Normally, the blanker switches S1-S2 are "closed" and S3-S4 are "opened" to couple the output of the downmixers 32A and 32B to the input of the pair of the lowpass filters 33A and 33B to allow the received signal to be processed by the demodulator 52 and subsequent circuitry.
Thus, when the noise blanker 28 determines that a noise condition exists, the blanker switches S1-S2 are momentarily "opened" (by asserting a control input 58) to prevent the received signal from entering the lowpass filters 33A and 33B and being demodulated by the demodulator 52. In addition, the shunt switches S3 and S4 connect the delay filters' outputs to analog ground when noise is present to prevent glitches. In this manner, a long recovery time is prevented in the delay filter output circuits (which act as a current sink) which may take place if the delay filters' outputs are allowed to float to their maximum or minimum voltage levels. The "open" duration is appropriately set to prevent the recovered signal containing the noise from entering the lowpass filters 33A and 33B, after which the blanker switches S1-S2 "close" and the blanker switches S3-S4 revert to an "open" position permitting normal operation.
To provide the control signal 58 to control the switches S1-S4, the noise blanker 28 including filters 60 and 70 is coupled to the main receiver 10 for operating on either the essentially baseband signal 125A or 125B or the received signal 115 as a noise blanker input signal 128. The filter 60 sets the bandwidth of the noise blanker 28 and determines the amount of frequency spectrum that the noise blanker 28 will monitor for noise. Depending on how the noise blanker 28 is connected to the main receiver 10 to determine what the noise blanker input signal 128 is, the filters 60 and 70 are either bandpass or lowpass filters. The filtering is greatly simplified from a bandpass filter centered at the noise blanker RF frequency to a bandpass filter centered at DC which becomes a lowpass filter.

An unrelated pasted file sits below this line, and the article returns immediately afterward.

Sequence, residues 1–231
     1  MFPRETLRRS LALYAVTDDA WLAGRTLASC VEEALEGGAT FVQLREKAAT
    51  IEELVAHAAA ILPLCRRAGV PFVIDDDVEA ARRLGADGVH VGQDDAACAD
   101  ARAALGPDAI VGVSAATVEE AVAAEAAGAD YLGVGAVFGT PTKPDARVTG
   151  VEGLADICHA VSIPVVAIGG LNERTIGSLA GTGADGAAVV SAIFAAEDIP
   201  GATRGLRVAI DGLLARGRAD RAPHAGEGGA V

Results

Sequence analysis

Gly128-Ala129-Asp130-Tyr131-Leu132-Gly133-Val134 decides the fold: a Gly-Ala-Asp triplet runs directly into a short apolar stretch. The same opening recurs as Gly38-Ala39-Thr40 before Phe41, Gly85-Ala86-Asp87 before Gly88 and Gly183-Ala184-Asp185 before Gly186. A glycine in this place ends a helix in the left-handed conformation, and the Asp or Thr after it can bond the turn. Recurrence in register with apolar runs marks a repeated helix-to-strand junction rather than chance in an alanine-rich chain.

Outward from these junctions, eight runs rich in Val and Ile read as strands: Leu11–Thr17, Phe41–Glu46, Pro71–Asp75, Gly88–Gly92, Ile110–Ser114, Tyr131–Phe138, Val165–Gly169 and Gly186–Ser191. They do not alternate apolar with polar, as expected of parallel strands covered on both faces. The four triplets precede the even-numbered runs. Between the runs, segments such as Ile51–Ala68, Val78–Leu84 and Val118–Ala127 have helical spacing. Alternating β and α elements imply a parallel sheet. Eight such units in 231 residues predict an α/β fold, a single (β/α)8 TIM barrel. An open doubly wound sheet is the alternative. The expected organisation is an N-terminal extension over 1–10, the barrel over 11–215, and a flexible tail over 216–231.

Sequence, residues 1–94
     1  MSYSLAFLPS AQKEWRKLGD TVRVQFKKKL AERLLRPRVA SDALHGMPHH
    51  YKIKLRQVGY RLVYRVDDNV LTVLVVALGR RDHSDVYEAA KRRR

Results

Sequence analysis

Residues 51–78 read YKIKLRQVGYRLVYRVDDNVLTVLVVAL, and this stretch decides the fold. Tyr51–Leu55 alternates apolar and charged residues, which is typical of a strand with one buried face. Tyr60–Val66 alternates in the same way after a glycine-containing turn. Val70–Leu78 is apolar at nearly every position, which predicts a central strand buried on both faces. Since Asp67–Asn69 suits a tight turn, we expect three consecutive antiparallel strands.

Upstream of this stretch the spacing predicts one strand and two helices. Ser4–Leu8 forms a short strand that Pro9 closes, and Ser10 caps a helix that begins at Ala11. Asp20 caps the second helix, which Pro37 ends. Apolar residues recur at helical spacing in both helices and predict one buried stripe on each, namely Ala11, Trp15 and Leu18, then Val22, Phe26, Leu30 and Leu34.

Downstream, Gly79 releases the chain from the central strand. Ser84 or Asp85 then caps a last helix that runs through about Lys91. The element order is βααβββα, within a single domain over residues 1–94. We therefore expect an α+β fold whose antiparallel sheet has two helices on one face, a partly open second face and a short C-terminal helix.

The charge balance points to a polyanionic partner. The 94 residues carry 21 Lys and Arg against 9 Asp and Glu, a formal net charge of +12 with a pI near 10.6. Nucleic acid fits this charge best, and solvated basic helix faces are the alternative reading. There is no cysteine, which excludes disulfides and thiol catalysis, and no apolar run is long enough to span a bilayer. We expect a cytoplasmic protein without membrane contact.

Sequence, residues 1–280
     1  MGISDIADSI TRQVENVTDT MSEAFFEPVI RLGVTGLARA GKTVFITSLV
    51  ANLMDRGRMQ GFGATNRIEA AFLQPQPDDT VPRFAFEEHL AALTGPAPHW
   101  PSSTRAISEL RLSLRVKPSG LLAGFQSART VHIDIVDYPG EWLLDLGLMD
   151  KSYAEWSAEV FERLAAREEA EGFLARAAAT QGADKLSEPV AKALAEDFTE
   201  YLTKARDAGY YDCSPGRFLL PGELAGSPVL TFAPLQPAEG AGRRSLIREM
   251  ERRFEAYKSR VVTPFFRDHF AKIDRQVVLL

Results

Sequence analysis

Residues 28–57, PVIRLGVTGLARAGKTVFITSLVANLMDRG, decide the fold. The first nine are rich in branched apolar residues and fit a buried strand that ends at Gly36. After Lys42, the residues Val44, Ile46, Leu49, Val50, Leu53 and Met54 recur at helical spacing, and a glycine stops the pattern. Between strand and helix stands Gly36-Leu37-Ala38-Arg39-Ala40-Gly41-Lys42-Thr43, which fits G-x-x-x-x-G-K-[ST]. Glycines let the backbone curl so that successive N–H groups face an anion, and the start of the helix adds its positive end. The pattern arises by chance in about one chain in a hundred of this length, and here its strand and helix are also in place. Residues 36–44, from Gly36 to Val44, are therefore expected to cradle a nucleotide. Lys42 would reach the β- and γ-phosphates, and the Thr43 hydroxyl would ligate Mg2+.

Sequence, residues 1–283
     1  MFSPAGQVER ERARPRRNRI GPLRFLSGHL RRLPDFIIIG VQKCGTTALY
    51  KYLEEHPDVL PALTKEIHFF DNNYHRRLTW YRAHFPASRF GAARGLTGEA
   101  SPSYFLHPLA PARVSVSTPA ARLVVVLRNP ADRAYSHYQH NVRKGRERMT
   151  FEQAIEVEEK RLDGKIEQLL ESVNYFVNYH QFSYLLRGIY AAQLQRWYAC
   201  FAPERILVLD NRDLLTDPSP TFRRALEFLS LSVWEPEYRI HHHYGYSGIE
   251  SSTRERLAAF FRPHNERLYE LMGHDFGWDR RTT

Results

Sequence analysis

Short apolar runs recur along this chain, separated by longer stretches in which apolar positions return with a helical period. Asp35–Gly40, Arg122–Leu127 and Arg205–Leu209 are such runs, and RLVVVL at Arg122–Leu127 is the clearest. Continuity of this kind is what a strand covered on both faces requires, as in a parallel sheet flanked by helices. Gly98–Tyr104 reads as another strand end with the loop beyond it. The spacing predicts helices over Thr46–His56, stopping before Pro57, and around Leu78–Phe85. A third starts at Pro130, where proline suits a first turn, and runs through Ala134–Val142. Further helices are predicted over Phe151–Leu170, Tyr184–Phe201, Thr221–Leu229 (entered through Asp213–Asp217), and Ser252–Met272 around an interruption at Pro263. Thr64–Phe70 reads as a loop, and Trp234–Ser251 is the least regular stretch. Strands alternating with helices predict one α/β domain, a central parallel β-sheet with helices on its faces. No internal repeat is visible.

In a fixed RF channel embodiment, independent of the desired RF frequency, the noise blanker 28 accepts the received signal 115 at an RF bandpass filter 60 tuned to a fixed RF channel where noise is expected. Since the bandwidth of the main receiver 10 is broad there may be several mobile radio users transmitting in the allotted spectrum. Thus the tuned RF bandpass filter 60 of the noise blanker 28 must be set or tuned to monitor a portion of the frequency band that is not being used by other carriers or information signals since they may be interpreted as noise and the main receiver 10 will be inhibited. The bandpass filter may be implemented by any topology that facilitates tuning and may be for example, a 3 pole-coupled resonator filter having a 1 megahertz bandwidth or suitable equivalent.
On the other hand, in the preferred embodiment for easier microelectronic implementation, the noise blanker 28 accepts one of the essentially baseband signals 125A or 125B or a weighted sum of each at the more desired lowpass filter 60. In this embodiment, the noise blanker 28 has an RF channel centered at the desired receive baseband frequency since the I and Q signals are always centered at baseband. Hence, the filter 60 may be implemented easily as a lowpass filter having a bandwidth of approximately 0.5 megahertz using resistors and capacitors, as opposed to high loaded Q band pass filters or SAW delay lines. As the IF frequency drops and approaches zero, this embodiment is preferred to enable usage of more lowpass filters.